Why would the council remove a report from October 2021 detailing the first report of the pothole? It only did so after my claim. 
    For a multitude of reasons, none of them really relevant as if it went to court then they cannot withhold that evidence from the court and they would also be required to reveal the information in the report under a FOI request.

    I wish you luck, but I am going to check out of this thread now. I would recommend you seek proper advice before you try and take this further. Speak to Citizen's Advice, give them all the information, including about not having reported to your insurers.
  • Car_54
    Car_54 Posts: 8,103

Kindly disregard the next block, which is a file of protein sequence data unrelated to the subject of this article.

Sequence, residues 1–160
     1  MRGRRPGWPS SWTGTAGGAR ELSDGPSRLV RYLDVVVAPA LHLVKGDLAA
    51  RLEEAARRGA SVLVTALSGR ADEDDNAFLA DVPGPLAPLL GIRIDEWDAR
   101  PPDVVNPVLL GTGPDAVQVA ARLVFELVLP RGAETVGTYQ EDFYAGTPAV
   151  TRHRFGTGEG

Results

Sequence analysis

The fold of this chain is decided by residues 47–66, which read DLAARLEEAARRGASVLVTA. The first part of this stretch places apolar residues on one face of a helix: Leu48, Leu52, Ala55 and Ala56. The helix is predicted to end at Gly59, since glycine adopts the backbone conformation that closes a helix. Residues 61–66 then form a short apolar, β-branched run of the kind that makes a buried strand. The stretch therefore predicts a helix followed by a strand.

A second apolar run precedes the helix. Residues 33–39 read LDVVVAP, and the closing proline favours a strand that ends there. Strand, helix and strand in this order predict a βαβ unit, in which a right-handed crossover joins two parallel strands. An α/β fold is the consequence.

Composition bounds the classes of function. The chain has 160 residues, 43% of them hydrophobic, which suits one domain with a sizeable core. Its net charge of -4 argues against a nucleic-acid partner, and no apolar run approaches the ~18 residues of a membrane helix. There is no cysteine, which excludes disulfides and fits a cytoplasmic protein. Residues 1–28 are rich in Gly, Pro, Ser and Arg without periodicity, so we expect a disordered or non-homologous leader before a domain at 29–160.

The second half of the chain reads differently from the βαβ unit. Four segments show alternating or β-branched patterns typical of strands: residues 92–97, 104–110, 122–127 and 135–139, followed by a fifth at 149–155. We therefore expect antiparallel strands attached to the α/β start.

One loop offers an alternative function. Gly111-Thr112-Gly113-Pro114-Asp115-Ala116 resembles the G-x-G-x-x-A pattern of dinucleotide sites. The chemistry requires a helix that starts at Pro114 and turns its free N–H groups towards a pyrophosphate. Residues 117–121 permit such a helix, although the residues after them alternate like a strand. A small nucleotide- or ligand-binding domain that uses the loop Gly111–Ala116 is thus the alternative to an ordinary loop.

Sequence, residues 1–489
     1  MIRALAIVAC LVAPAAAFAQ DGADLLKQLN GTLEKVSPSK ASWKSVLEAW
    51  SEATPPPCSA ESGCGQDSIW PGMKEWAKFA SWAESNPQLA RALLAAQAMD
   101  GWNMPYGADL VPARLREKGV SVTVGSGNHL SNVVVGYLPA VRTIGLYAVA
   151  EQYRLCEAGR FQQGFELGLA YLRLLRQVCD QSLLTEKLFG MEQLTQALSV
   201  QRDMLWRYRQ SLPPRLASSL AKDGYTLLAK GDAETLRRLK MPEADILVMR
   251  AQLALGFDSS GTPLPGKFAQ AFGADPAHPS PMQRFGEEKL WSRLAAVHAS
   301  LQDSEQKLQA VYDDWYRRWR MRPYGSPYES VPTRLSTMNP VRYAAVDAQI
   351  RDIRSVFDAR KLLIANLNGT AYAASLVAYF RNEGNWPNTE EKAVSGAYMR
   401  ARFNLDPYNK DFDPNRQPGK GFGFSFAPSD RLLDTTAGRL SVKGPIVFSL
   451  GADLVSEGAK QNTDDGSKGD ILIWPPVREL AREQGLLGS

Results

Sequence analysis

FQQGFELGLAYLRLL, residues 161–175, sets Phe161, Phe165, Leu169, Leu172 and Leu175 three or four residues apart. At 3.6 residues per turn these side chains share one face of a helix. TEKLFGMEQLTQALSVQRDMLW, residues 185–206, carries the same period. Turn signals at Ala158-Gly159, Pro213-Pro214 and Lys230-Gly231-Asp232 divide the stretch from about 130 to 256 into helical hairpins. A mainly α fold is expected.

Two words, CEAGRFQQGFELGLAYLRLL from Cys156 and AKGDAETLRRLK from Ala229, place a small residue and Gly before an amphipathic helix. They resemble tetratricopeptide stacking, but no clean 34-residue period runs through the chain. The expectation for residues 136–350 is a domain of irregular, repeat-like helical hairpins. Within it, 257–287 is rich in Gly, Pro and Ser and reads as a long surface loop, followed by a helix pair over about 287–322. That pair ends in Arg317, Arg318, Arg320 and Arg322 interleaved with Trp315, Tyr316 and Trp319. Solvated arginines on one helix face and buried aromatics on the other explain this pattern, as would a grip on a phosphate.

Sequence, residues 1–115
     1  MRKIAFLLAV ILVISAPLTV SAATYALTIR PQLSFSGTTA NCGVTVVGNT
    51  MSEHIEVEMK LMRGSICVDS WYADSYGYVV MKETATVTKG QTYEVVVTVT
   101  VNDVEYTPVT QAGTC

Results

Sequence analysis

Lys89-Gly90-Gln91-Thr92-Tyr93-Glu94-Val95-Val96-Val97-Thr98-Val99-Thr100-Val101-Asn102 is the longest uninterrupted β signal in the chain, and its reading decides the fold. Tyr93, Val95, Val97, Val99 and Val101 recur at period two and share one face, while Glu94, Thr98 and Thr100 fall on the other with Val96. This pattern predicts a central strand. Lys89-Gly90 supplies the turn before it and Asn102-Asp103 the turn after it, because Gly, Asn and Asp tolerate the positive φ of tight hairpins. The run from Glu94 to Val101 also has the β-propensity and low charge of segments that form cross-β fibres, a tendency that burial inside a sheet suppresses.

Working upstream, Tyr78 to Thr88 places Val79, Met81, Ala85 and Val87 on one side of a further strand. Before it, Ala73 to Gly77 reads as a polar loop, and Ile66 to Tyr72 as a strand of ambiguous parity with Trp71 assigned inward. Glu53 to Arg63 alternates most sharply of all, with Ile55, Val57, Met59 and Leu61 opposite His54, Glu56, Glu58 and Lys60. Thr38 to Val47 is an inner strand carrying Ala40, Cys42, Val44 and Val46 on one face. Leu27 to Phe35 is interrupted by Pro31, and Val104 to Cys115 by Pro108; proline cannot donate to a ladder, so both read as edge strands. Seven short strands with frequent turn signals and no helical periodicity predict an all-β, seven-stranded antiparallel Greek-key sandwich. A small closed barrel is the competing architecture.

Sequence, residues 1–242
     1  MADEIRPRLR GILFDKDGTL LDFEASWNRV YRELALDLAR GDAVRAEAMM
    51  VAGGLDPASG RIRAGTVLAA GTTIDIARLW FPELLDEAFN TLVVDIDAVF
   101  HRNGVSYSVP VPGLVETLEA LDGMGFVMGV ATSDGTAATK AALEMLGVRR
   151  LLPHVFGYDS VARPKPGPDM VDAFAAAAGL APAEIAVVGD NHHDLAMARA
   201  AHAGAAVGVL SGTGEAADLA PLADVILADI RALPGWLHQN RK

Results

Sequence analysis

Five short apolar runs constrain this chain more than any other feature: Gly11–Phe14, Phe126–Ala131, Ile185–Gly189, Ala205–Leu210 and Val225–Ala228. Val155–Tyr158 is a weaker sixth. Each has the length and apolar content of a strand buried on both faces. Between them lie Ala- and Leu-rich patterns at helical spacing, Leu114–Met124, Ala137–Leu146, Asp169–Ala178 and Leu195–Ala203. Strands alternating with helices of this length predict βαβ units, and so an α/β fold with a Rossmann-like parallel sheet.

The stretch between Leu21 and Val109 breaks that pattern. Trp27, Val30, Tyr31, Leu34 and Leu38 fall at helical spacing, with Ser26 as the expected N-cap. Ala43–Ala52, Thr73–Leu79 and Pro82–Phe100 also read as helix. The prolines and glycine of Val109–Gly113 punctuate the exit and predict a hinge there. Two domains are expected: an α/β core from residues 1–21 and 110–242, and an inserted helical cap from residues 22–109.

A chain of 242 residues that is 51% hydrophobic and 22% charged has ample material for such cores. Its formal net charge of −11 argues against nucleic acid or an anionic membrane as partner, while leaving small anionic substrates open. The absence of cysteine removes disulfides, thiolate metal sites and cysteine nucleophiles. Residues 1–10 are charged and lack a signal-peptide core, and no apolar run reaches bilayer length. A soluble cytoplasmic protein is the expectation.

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    How is it fraud when I am not attempting to claim anything from the insurance company? Same with the others. 

    People generally don't tell their insurers because they believe - probably correctly - that their future premiums will be higher.

    Withholding information in order to make a financial gain is fraud.

  • 1990xrider
    1990xrider Posts: 105
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    Car_54 said:
    How is it fraud when I am not attempting to claim anything from the insurance company? Same with the others. 

    People generally don't tell their insurers because they believe - probably correctly - that their future premiums will be higher.

    Withholding information in order to make a financial gain is fraud.